What is left out in this case is the fact how there are several other offically recognised sports which also do not require high levels of physical activity, such as: Sport-shooting, Chess, Billard, etc.
Additionally, the formulation that "practicing a sport has to have an inherent, sport-specific motoric activity at its core" is obsolete due to there already being other examples like Golf and Minigolf, Tennis and Tabletennis, Tockey and Icehockey, etc. which disprove the rule by having been officially recognised as an exclusive sport.
Thus, E-Sport cannot be ruled out on the basis that games like "DOTA2" or "League of Legends" require similar physical movements.
Futher, E-Sport having a strong competetive mentality at its foundation proves a determining criteria which the DOSB in its outdated practices often disregards in favour of physical activity. A contemporary revision of defenitions and practices would effectively deliver another argument for honouring E-Sport as a sport.
Similarily contemporary is the need for realising that E-Sport nowadays is an integral part of youth culture and as such the effect it has on social behaviour. Professional gamer are not merely recruited for their motoric abilities, instead, social interaction in the sense of the ability to communicate in a team, fairplay and generally being able to play with others, plays an important role. Especially in E-Sport the aspect of fairness is of very high signifance, a point every official sport has in common.
Considering that E-Sport is already recognised in many other countries, the DOSB argues that Germany being relatively autonomous in sport culture invalidates this comparison. However, the recogniton would rather show an adjustment to the technological and (youth-)cultural developements. Moreover, in the age of Globalisation one should consider that, to achieve international cooperation, it is needed to follow progression and support the idea of global standarts. Basically, the cultural change, the redefinition and expansion of the term "sport", especially in the area of youth-culture, is being ignored in its entirety. The basic denial of the DOSB to deal with technological developments creates a new basis for the fear of the unknown, specifically when it is touching upon the matter of Internet- and Video Game Culture.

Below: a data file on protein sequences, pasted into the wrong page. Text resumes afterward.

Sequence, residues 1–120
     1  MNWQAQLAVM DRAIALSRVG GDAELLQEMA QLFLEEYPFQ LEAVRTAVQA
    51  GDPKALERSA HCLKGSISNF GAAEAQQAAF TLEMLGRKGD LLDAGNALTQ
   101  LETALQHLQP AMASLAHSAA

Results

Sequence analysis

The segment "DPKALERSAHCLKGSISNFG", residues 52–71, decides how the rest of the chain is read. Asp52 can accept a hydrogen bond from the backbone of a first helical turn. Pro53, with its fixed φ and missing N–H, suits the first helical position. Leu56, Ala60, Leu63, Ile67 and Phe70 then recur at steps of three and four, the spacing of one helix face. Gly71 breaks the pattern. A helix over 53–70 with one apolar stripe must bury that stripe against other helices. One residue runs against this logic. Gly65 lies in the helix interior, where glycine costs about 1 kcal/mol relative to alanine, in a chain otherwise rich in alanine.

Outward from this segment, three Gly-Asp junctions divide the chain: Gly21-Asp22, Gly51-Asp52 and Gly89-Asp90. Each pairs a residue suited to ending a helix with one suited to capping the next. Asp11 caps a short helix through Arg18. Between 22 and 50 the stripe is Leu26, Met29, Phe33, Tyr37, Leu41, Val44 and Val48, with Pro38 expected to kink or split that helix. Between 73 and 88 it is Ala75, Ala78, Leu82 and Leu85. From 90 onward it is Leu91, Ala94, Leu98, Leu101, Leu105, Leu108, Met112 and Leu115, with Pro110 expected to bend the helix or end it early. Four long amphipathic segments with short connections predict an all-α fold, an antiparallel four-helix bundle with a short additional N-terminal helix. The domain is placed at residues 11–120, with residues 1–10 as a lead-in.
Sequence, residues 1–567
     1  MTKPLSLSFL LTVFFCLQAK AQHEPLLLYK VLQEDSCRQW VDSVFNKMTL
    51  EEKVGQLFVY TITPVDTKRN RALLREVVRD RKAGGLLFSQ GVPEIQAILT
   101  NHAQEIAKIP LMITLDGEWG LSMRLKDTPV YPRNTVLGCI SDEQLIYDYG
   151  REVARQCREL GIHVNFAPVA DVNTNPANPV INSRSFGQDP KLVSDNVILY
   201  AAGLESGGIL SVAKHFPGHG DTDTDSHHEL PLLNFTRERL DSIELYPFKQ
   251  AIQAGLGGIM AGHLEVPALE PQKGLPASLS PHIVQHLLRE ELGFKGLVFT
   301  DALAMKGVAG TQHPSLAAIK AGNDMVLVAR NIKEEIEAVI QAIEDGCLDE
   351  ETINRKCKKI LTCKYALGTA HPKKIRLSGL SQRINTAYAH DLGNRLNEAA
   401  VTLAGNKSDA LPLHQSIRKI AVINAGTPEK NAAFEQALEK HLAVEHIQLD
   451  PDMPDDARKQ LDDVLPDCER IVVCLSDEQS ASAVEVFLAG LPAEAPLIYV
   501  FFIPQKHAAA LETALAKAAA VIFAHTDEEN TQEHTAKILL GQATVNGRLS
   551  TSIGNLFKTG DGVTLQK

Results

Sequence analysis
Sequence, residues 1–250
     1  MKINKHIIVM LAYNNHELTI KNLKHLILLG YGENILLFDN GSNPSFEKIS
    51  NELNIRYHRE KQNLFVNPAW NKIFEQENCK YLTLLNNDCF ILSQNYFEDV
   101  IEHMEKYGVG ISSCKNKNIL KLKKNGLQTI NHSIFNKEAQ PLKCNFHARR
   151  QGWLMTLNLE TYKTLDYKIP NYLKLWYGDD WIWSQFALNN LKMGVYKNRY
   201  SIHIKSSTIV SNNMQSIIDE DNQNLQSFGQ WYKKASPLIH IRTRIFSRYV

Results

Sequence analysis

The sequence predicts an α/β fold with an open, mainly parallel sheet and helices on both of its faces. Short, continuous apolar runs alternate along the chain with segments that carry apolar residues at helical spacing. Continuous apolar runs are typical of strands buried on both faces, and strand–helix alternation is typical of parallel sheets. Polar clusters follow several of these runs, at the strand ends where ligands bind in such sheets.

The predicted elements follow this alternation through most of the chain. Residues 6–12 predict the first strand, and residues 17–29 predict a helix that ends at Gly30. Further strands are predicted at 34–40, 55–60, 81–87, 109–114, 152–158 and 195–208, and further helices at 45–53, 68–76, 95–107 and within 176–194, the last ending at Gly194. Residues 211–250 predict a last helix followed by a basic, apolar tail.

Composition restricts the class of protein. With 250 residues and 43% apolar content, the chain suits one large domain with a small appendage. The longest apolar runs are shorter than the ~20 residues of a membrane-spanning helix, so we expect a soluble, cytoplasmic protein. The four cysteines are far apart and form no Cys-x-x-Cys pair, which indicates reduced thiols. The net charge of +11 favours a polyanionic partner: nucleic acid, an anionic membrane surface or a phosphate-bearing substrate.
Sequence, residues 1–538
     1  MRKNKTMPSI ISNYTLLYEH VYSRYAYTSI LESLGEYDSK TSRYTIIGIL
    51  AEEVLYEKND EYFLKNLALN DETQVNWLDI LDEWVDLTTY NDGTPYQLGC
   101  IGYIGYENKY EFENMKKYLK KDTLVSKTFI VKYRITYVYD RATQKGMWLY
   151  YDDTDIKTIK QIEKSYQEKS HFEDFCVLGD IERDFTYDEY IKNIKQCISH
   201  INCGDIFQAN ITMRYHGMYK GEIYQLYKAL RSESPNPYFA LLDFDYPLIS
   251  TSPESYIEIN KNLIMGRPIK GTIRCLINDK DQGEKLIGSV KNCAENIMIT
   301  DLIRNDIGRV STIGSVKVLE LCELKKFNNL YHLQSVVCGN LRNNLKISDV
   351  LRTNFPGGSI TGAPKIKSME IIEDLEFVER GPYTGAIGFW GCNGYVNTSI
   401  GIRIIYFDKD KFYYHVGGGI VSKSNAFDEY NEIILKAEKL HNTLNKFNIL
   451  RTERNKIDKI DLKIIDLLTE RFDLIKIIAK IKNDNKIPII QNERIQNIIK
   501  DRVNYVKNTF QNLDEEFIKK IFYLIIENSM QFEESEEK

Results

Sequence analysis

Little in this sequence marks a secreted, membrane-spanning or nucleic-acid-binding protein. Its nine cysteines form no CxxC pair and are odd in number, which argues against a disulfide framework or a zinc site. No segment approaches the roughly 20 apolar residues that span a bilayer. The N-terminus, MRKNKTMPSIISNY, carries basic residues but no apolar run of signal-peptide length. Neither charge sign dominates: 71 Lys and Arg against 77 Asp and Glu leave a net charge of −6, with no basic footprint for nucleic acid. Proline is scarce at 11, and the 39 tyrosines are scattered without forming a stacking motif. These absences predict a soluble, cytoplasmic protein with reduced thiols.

That the criteria of the DOSB are quite flexible and a matter of interpretation is proven by their definition additionally highlighting how motorsports are no official sport. It is, however, observable that in the list of recognised sports the motoryacht-club has an entry.
It is conclusively assessable that, under any circumstance, the DOSB has to change its defintion of the term "Sport" to be able to fit contemporarily, which everyone will eventually realise when considering how the DOSB's own definition contradicts its list of acknowledged sports in some points.
But even if the current definiton and status quo serve as the basis of argumentation, E-Sport would have to be accepted as a competetive sport which requires fine motoric skills, the ability to work in a team and an increase in strategic/logical thinking.
In the name of all signers.
Wetzlar, 20 May 2015 (aktiv bis 19 Nov 2015)